How CSE's existence was first revealed by CBC TV
Canada's most secretive agency was formed in 1940s, but only exposed to public decades later
In early 1974, a one-hour CBC TV documentary told Canadians for the first time about the existence of a secretive national agency that tapped phone calls and monitored radio signals.
Back then, the signals intelligence organization went by an unwieldy title — the Communications Branch of the National Research Council, or CBNRC.
Today it's called the Communications Security Establishment, or CSE.
Many Canadians know far more today about the Ottawa-based cryptologic agency, due in large part to a series of stories based on documents leaked by former U.S. intelligence contractor Edward Snowden.
The spy agency officially came into existence in 1946, though the informal inception of the organization now known as the CSE happened several years earlier.
Even so, the public only learned of the agency three decades later when CBC TV aired the documentary, titled The Fifth Estate: The Espionage Establishment. (Despite the title, the piece was not produced by CBC TV's flagship investigative show the fifth estate, which would not be created until a year later.)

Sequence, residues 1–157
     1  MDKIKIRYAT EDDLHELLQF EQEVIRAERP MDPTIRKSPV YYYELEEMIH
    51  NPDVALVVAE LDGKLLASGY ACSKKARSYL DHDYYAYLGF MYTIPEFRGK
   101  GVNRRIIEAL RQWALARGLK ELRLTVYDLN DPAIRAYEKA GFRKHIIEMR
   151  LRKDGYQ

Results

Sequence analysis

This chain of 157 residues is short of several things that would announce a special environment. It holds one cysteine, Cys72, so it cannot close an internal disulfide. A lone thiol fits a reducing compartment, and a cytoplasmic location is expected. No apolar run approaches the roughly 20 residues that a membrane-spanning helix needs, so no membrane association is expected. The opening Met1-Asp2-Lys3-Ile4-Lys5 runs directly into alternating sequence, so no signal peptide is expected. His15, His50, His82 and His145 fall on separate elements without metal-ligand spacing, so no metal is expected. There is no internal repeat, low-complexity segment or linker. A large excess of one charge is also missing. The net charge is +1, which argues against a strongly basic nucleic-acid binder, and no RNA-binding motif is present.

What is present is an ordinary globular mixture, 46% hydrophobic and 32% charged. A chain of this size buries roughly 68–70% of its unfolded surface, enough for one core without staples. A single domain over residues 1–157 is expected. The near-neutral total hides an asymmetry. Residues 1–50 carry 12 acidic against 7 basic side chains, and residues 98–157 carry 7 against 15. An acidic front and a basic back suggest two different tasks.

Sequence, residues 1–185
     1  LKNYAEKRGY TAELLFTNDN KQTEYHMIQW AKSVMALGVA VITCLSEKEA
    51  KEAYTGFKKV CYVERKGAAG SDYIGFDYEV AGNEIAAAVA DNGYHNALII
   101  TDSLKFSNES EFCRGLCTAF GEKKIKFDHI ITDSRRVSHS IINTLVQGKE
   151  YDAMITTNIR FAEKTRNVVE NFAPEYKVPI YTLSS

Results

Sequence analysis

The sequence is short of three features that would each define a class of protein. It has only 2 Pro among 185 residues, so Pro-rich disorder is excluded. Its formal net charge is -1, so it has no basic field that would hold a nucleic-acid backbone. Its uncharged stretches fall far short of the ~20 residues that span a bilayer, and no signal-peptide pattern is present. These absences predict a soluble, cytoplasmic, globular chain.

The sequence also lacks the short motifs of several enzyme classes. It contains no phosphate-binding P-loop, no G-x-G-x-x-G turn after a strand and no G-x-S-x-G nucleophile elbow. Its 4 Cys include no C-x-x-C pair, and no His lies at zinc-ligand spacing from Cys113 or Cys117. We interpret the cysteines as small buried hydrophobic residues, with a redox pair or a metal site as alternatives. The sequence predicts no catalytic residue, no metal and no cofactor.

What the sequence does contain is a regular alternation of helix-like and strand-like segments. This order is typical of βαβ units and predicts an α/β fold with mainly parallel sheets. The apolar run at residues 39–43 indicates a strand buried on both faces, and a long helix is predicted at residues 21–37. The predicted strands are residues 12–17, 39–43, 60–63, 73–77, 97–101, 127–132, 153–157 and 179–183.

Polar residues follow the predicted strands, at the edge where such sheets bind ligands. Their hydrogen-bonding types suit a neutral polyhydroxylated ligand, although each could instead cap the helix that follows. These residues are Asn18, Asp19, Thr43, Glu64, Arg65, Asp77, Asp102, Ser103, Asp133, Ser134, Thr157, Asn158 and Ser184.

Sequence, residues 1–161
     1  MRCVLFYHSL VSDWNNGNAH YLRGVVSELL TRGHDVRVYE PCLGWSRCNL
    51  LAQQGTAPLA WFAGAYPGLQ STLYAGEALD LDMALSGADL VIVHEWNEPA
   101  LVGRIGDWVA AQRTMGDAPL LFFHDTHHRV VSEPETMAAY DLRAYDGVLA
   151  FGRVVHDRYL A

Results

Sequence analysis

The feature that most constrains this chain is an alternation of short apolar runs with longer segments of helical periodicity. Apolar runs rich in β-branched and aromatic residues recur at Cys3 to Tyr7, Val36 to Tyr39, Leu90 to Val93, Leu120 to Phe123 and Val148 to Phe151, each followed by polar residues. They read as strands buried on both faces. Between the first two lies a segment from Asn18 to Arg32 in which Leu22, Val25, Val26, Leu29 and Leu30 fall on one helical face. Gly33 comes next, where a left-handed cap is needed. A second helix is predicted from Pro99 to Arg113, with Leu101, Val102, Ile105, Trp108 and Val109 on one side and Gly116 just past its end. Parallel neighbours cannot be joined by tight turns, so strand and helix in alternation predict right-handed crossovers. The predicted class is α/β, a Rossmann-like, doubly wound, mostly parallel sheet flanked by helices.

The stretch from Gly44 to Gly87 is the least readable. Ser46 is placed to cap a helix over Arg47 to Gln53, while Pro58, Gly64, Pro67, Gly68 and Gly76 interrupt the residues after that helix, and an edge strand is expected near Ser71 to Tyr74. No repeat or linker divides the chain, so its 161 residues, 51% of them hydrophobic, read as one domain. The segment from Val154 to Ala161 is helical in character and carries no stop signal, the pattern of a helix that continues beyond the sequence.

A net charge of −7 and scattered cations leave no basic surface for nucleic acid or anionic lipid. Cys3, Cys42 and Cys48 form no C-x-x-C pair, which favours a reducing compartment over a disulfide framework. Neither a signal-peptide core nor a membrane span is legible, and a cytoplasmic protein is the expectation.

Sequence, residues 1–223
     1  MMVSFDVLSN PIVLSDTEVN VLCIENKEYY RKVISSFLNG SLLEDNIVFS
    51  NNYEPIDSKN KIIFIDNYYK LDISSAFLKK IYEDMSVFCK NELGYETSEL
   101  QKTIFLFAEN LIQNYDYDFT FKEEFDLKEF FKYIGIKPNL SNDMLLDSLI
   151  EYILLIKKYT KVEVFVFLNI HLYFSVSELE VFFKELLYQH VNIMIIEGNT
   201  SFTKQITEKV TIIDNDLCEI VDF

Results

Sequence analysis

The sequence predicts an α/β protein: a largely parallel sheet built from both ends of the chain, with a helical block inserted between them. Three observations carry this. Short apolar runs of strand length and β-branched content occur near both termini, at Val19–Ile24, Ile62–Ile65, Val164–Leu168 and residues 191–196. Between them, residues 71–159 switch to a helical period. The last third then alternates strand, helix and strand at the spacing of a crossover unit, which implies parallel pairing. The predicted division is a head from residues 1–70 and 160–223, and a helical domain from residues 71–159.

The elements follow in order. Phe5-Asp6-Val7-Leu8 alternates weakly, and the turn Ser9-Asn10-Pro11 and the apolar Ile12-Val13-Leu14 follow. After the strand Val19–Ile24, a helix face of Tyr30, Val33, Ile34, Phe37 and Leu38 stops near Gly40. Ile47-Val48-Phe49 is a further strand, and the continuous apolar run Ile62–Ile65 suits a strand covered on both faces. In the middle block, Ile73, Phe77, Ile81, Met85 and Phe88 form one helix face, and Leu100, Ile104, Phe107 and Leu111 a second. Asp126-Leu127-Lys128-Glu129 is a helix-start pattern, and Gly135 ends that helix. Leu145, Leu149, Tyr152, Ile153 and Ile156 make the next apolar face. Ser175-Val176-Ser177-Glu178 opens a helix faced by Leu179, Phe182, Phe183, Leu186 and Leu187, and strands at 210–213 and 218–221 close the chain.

In the program that aired Jan. 9, 1974, CBC revealed details not only about the CBNRC, but also about the agency's close relationship with its counterpart in the United States, the National Security Agency.
It also talked about the little-known Five Eyes spying partnership among Canada, the U.S., the U.K., New Zealand and Australia, and how each country was responsible for monitoring communications in a different part of the world and then sharing findings with the group.
Canada's signals intelligence agency, the documentary revealed, was responsible for covering polar regions and parts of Europe.